This eye-popping paperback from the American arm of Penguin Books is not just brimful of some of the wildest art to grace the covers of classic literature, it also comes with fascinating insights from the artists, designers, editors and others involved with a particular edition. Audrey Niffenegger nails it in her Foreword: Classic books need to be reimagined every now and then, no matter how terrific their original covers might have been. The cover shapes the reader’s desire. The book only lives in the mind of its readers. The book designer and the artist respond to the book itself, to the writer’s biography, to the book’s reputation, to the covers that may have come before this one. They deploy typography, images, wit, history, sex, flattery, anything they can think of to give this book a future, to seduce the reader into picking up this book and no other. Then they go off and have lunch and do it all again for the next book.
How good it is to see Australia’s television history being documented by those who helped create it. David Sale came to Australia from Manchester in the early 1950s, landing in Melbourne with his parents to escape a fairly grim life in post-war England. Little did he, or Australia, know that he would go on to be involved with two of the country’s most popular and controversial television shows of the 1960s and 70s, The Mavis Bramston Show and Number 96. It is probably difficult for many people growing up in the eighties and nineties (let alone the noughties!) to imagine how prudish and censorious Australian society was in the fifties and early sixties, and this was certainly reflected in things like popular television and radio where wholeseome values were the order of the day. Little wonder then that anarchic talents such as Graham Kennedy and even Barrie Humphries would time and again find themselves skating on thin ice with the arbiters of taste and acceptability. The Mavis Bramston Show went out of its way to poke fun at just about all branches of society, while Number 96 confronted television viewers with an ongoing story that involved strong women, appealing gay men, sex, drugs, neuroses of all types, and all the other colours of the rainbow that make a good, salacious soap-opera. As Michael Kirby says in his introduction: I pay tribute to David Sale and his co-conspirators for their magnificent contribution to loosening up the Australia in which I had come to maturity. We are still a somewhat self-satisfied and uncritical community. But we are a whole lot better than we were before the Mavis team took us to pieces.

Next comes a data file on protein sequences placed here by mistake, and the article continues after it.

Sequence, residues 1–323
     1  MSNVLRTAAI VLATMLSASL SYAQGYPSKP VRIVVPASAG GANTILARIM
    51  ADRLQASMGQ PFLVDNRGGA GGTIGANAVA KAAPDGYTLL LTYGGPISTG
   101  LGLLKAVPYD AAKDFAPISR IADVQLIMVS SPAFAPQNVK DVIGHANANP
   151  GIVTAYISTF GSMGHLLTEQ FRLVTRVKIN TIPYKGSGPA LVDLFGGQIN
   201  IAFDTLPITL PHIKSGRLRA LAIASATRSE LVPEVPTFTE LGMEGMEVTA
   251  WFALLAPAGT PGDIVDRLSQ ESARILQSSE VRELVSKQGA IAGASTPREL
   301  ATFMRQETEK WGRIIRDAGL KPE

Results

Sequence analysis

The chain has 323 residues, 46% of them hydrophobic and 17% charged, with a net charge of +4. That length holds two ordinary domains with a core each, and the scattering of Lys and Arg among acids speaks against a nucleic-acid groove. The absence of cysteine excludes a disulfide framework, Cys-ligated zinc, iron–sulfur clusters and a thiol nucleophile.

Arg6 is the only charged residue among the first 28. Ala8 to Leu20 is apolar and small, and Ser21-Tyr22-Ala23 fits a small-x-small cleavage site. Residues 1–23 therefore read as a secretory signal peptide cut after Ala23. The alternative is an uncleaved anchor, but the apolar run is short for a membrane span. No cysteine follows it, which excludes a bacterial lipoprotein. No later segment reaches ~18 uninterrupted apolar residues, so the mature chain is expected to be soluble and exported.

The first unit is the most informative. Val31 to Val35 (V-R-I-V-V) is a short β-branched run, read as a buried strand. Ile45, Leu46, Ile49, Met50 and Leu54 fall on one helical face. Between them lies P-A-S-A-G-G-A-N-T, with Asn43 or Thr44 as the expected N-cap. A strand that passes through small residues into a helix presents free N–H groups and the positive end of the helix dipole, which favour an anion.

The esteem, indeed veneration, in which manga maestro Osamu Tezuka is held in Japan is clearly identified in this mammoth and remarkable manga-style biography of the great man. For many years he was principally known in the West for his lovable creation Astro Boy, followed closely by Kimba the White Lion; if pushed I could probably still sing a few verses of the theme song from the animated Astro Boy television series from the early 1960s, but I promise not to. With well over 700 volumes to his name, and a host of characters who have become beloved around the world, Tezuka’s reputation as a Japanese version of Walt Disney doesn’t appear even slightly exaggerated, and this astonishing labour of love from manga artist Toshio Ban and the team at Tezuka Productions is indeed a fitting tribute to one of the giants of the art.
Terminated for reasons of taste : other ways to hear essential and inessential music by Chuck Eddy (ebook)
Rock music writer Chuck Eddy has been writing inflammatory, opinionated, divisive and brilliant pieces on almost every conceivable branch of popular music since his early days writing for Creem magazine and The Village Voice. Not just interested in the great and the good of rock, he goes in swinging for the underdogs, bravely defending the legacies of bands and genres flying under the radar of most writers and afficionadoes. Metal, country, indie, rap, new wave, etc., etc., the list of his enthusiasms just goes on and on, his deft turns of phrase and ability to nail a thought with an almost poetic sensibility reason enough to dip into this terrific compilation. Careful though, you hard rockers out there might even find yourselves having second thoughts about Billy Joel, before hurriedly closing the book down lest the infection spreads. Feeling brave? If you’re one of our registered Victorian members you can read this ebook at home.
A particularly gripping scene from Number 96; très bon ya great galah!